James Madison University

Reviving the Sleep Deprived, One Nap at a Time

By: Sydney Palese
Posted: October 11, 2013

Students who once curled up on couches or snoozed sitting upright hoping to find a quick nap in between classes now have a place where their napping ambitions are embraced and encouraged.

The Nap Nook, founded by senior psychology major Caroline Cooke and staffed by the Sleep and Actigraphy Lab, offers six bean bag chairs and a cool, dark space for students to catch a 40 minute nap.

“Students are getting a small amount of sleep,” said Cooke. “I’ve been that student before. It’s had huge tolls on my student success and I started to notice, the more sleep I added to my day, the better my grades started to get and I found that to be an interesting correlation.”
The idea came to Cooke in December of 2012 after trying to squeeze in a few moments of napping in the Sleep and Actigraphy Lab, located in the Department of Psychology and directed by Professor Jeff Dyche.

 

“I was trying to sleep on my backpack and I realized there was no way I could sleep like that, and all I wanted was a 20-minute nap because I knew the benefits,” Cooke said. “I thought to myself ‘There’s got to be a better way.’”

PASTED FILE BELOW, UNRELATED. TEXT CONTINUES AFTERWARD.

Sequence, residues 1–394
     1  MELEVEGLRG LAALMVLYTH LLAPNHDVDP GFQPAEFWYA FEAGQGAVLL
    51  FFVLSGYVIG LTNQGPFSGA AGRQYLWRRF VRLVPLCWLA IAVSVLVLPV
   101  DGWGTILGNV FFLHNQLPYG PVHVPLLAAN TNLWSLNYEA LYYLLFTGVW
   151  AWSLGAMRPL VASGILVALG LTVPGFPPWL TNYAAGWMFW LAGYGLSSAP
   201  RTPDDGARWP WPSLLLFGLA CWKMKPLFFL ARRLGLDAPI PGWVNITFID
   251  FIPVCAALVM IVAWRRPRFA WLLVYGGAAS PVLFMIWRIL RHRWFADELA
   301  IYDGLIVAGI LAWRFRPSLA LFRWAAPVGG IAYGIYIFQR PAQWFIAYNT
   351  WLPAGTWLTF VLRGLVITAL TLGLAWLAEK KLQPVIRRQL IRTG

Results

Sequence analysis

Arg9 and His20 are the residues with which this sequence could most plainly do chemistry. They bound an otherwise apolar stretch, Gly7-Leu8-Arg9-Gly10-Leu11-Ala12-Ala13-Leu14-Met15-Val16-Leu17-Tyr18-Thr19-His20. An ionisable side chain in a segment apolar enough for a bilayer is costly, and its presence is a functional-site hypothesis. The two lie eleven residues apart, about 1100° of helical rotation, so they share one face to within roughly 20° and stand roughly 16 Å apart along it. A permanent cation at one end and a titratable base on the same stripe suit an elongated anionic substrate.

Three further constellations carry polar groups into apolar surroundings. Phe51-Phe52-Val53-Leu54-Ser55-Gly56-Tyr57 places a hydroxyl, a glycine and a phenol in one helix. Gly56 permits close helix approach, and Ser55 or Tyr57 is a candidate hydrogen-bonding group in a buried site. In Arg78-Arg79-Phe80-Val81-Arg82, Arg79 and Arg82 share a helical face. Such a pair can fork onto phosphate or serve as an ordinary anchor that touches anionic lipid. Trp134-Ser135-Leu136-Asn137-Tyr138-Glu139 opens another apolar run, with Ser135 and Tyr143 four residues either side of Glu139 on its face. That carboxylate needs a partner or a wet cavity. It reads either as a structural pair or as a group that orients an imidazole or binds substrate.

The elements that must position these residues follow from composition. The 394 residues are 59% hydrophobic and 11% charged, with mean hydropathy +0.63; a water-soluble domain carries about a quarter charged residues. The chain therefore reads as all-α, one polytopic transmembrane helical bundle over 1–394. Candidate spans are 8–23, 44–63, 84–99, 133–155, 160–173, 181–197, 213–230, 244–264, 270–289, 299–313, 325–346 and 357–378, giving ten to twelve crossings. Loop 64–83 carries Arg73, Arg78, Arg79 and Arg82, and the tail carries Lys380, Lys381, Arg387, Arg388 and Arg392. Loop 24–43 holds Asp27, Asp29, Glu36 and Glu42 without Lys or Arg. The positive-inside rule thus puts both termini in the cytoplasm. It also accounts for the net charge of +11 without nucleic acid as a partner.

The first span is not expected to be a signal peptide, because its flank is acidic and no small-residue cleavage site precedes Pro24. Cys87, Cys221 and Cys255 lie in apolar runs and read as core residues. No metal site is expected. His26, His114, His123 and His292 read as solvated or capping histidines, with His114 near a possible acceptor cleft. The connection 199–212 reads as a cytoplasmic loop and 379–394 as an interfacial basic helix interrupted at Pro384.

In the spring of 2013, Cooke presented the idea of a “napping center” to her sleep lab. The proposal was well received, so Cooke made the center her 400-level psychology project.
Cooke spent the months of January through April combing through research literature to find more information about sleep deprivation.

“There are many benefits of napping,” Cooke said. “It boosts attentions, helps with processing memories and memory recall, it reduces sleepiness, increases subjective stress threshold and increases performance and vigor.”

Cooke also found that stimulant abuse among students contributes to sleep deprivation.
These stimulants include prescriptions to treat attention deficit hyperactivity disorder like Vyvance and Adderall.

“Sleep deprivation mimics some symptoms of ADHD,” Cooke said. “Stimulants are being prescribed to people who may have underlying sleep disorders.”

Additionally, Cooke realized that there is a correlation between the amount of sleep students get and their retention of information.